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Published by: parag on Nov 28, 2008
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These indications about the processional phases may be unreliable insofar as their exact
meaning is not unambiguous. To say that a constellation “never swerves from the East” (as
is said of the Pleiades in the ´

Satapatha Br¯ahman.a 2:1:2:3) seems to mean that it contains
the spring equinox, implying that it is on the equator, which intersects the horizon due
East. But this might seem insufficiently explicit for the modern reader who is used to a
precise and separate technical terminology for such matters. But then, the modern reader
will have to accept that technical terminology in Vedic days mostly consisted in fixed
metaphorical uses of common terms. This is not all that primitive, for the same thing will
be found when the etymology of modern technical terms is analyzed, e.g. a telescope is a
Greek “far-seer”, oxygen is “acid-producer”, a cylinder is a “roller”. The only difference is
that we can use the vocabulary of foreign classical languages to borrow from, while Sanskrit
was its own classical reservoir of specialized terminology.


Hermann G. Jacobi: “On the Date of the R. gveda” (1894), reproduced in K. C. Verma et al., eds.:

Rtambhara Studies in Indology, Society for Indic Studies, Ghaziabad 1986, p-91-99.


“We can, therefore, say that about 2000 years have elapsed since the period of K¯alid¯asa”, according

to P. V. Holay : “Vedic astronomy, its origin and evolution”, in Haribhai Pandya et al.: Issues in Vedic

Astronomy and Astrology, Rashtriya Veda Vidya Pratishthan & Motilal Banarsidass, Delhi, p. 109.


The argument for a higher chronology (by about 6 centuries) for the Guptas as well as for the Buddha

has been elaborated by K. D. Sethna in Ancient India in New Light, Aditya Prakashan, Delhi 1989. The

established chronology starts from the uncertain assumption that the Sandrokottos/ Chandragupta whom

Megasthenes met was the Maurya rather than the Gupta king of that name. This hypothetical synchronism

is known as the “sheet-anchor of Indian chronology”. In August 1995, a gathering of 43 historians and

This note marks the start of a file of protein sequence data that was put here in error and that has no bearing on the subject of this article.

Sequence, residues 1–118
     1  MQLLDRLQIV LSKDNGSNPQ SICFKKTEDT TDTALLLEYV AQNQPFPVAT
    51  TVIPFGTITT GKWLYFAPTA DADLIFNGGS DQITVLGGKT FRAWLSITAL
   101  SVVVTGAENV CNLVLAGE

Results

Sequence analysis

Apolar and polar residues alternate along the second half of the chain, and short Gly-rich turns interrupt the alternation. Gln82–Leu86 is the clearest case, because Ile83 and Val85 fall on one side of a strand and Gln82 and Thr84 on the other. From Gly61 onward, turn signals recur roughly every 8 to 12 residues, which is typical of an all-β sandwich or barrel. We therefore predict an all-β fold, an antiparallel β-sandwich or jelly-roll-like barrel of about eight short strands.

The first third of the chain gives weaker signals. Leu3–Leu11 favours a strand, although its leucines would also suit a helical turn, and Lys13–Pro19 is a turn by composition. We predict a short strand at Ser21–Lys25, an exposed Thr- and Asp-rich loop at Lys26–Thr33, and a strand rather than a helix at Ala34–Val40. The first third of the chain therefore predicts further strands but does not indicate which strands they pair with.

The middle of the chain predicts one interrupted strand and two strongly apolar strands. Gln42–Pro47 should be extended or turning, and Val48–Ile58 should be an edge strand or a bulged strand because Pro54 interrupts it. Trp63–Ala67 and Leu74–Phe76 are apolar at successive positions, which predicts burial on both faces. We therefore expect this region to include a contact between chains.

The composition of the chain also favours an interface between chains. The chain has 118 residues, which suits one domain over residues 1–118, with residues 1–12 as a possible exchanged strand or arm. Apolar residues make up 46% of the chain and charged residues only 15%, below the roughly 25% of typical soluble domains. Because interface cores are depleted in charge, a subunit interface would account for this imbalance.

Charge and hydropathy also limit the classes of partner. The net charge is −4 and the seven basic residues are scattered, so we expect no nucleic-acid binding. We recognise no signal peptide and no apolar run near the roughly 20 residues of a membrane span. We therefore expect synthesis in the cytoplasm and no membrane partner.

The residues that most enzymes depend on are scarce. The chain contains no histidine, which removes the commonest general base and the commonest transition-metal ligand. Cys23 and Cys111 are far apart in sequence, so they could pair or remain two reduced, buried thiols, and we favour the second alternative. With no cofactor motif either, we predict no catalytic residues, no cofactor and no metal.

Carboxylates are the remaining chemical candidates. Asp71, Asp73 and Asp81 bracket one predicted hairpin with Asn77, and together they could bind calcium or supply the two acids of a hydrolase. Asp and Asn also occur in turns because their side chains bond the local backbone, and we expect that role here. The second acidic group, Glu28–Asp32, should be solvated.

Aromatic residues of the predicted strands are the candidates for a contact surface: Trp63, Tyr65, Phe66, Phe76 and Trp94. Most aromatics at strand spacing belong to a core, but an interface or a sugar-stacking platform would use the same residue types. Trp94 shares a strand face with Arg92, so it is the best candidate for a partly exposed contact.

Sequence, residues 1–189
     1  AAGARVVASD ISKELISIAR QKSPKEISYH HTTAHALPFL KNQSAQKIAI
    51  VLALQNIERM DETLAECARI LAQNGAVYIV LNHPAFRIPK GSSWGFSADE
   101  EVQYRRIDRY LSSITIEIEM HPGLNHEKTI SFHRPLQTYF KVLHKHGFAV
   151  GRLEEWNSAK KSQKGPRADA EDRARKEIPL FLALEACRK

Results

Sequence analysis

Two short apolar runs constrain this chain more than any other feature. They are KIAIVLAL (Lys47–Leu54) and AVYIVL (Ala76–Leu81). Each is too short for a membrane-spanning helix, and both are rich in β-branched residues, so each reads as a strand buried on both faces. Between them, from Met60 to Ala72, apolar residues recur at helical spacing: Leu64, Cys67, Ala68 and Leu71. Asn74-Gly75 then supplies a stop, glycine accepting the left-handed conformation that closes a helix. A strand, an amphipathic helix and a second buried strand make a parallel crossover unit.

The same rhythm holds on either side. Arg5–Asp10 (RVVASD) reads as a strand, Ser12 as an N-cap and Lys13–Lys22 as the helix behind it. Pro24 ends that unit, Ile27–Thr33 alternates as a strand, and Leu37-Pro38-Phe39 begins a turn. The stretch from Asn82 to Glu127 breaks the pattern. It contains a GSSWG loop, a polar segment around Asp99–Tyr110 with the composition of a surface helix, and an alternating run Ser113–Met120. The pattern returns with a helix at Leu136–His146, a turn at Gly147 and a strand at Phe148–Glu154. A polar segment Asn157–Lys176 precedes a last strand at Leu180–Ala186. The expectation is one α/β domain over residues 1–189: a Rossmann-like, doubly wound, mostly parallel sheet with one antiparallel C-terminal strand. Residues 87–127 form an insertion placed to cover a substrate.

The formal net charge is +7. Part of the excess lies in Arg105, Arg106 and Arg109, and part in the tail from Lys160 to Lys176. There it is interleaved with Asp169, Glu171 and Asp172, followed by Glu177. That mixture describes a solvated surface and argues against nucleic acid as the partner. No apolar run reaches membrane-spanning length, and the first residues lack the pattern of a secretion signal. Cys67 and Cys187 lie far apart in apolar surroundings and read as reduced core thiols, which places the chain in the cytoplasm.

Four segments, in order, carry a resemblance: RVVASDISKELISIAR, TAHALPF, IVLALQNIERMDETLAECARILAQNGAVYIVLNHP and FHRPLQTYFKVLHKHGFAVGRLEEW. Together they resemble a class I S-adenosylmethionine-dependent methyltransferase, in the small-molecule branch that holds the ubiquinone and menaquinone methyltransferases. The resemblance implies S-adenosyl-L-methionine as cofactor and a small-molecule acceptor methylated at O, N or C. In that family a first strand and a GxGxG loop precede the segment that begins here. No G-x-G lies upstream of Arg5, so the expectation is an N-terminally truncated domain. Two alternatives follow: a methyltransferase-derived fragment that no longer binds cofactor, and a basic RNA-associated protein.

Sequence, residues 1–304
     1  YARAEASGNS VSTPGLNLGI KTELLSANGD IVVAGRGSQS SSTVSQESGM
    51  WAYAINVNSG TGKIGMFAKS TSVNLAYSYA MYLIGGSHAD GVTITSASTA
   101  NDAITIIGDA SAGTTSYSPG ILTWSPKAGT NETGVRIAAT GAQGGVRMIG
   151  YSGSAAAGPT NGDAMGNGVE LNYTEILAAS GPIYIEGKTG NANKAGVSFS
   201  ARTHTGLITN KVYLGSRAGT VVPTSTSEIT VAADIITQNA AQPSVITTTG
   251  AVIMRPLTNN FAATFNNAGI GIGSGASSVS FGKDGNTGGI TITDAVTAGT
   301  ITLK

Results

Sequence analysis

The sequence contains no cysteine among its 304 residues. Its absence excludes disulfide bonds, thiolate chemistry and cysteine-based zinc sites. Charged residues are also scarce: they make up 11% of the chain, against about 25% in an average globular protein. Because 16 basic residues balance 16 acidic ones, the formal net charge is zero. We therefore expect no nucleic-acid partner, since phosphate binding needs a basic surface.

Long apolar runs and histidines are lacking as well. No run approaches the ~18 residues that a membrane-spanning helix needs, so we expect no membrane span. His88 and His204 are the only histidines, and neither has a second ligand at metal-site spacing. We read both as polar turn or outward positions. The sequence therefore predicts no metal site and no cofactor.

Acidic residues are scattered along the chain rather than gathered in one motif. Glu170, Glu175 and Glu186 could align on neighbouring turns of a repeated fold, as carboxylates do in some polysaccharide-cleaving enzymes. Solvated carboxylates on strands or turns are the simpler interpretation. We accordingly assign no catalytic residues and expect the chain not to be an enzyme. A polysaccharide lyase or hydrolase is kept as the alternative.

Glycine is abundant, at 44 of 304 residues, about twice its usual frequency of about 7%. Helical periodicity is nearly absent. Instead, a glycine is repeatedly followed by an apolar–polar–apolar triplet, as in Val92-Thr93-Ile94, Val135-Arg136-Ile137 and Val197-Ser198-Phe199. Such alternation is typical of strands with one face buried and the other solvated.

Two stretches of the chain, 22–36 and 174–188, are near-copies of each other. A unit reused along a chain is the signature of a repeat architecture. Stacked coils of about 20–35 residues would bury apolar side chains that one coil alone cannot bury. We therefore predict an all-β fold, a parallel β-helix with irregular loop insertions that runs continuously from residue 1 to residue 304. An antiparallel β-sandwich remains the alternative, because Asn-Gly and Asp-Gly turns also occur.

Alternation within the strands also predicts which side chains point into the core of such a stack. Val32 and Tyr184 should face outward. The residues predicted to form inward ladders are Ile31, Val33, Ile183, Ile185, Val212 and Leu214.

archaeologists from South-Indian universities (at the initiative of Prof. K. M. Rao, Dr. N. Mahalingam and

Dr. S. D. Kulkarni) passed a resolution fixing “the date of the Bharata war at 3139-38 BC” and declaring

this date “to be the true sheet anchor of Indian chronology”.



Another factor of uncertainty is that the equinox moves very slowly (1◦ in nearly 71
years), so that any inexactness in the Vedic indications and any ambiguity in the con-
stellations’ boundaries makes a difference of centuries. This occasional inexactness might
possibly be enough to neutralize the above shift in K¯alid¯asa’s date - but not to account for
a shift of millennia (each millennium corresponding to about 14 degrees of arc) needed to
move the Vedic age from the pre-Harappan to the post-Harappan period, from 4000 BC
as calculated by the astronomers to 1200 BC as surmised by Friedrich Max M¨uller.
On the other hand, it is encouraging to note that the astronomical evidence is entirely
free of contradictions. There would be a real problem if the astronomical indications had
put the Upanishads earlier than the R. g-Veda, or K¯alid¯asa earlier than the Br¯ahm¯an.a, but
that is not the case: the astronomical evidence is consistent. Inconsistency would prove the
predictable objection of AIT defenders that these astronomical references are but poetical
tabulation without any scientific contents. However, the facts are just the opposite. To
the extent that there are astronomical indications in the Vedas, these form a consistent
set of data detailing an absolute chronology for Vedic literature in full agreement with
the known relative chronology of the different texts of this literature. This way, they
completely contradict the hypothesis that the Vedas were composed after an invasion in
about 1500 BC. Not one of the dozens of astronomical data in Vedic literature confirms
the AIT chronology.

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